The Tea Party is often brought up in two contexts: as an example of populist action in response to a widespread discontent with the state of politics in this country, and as an example of extreme, fear-based propaganda spreading by prominent figures. The idea of many people in the group arranging personal meetings with Tea Party members around the country and introducing fact-based dialogue into discussions of issues was presented by Park and Joey Mornin. In these meetings common desires and shared goals may be established. To actually carry out these meetings will require resolve and will demonstrate a personal integrity and consistency with the values that we represent. During these meetings, it would be wise to apply established tools of effective dialogue and collaboration.[12]

The biggest risk faced by the movement is that of division. As former Pentagon analyst Chuck Spinney details, those who are opposed try to divide the group by creating internal conflict. This division causes significant resources to be spent on this conflict and marginalizes the group's effectiveness. Byler and Park remind us that a prominent tool for division is the pervasive fear-based rhetoric regularly employed in the mainstream media.

There is widespread consensus that the corrupting influence of money in politics has a devastating effect on the integrity of our political system and the ability of the people to trust the political process. Multiple solutions are presented, including a public financing system, a constitutional amendment, a constitutional convention, open debates, a discussion of recent proposed legislative measures, and a strategy of making this problem a platform issue in the upcoming election cycle.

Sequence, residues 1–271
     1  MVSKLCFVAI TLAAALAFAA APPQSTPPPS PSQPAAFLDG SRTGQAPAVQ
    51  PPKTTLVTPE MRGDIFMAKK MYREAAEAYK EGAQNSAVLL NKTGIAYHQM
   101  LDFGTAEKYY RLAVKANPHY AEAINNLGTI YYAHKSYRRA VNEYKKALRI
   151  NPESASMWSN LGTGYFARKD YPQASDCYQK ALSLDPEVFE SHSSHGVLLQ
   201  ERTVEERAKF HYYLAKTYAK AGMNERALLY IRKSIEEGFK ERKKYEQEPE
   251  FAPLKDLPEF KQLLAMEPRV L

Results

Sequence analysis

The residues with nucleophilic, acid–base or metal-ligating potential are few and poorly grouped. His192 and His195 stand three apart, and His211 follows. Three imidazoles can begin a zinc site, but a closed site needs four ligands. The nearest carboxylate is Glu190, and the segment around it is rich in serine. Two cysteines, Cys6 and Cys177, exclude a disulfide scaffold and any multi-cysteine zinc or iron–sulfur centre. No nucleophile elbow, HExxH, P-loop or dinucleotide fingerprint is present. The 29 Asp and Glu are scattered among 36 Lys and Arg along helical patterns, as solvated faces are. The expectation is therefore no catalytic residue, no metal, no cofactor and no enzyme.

Keynote speaker Lessig outlined the importance of "fixing congress first," emphasizing that while other projects that are proposed may be good, that the real problem will only be addressed through a system of publicly financed elections. He suggests adoption of the "First Fifty Dollars" project, which was first proposed by Yale University professors Ackerman and Ayres.[13] This proposal is based on the fact that every voter generates at least fifty dollars in federal revenue, and would be assigned a voucher that they would then allocate to the candidates of their choice. The candidates would have the ability to choose to opt-in to this financing system, and would then forsake accepting large private donations for their campaign. The total amount of financing that this system would be estimated to generate is six billion dollars, compared to the approximately four billion dollars that was spent in the last election cycle. It is designed to be a robust system in today's Supreme Court jurisprudence and to address the underlying issues that existed even before the Citizens United decision.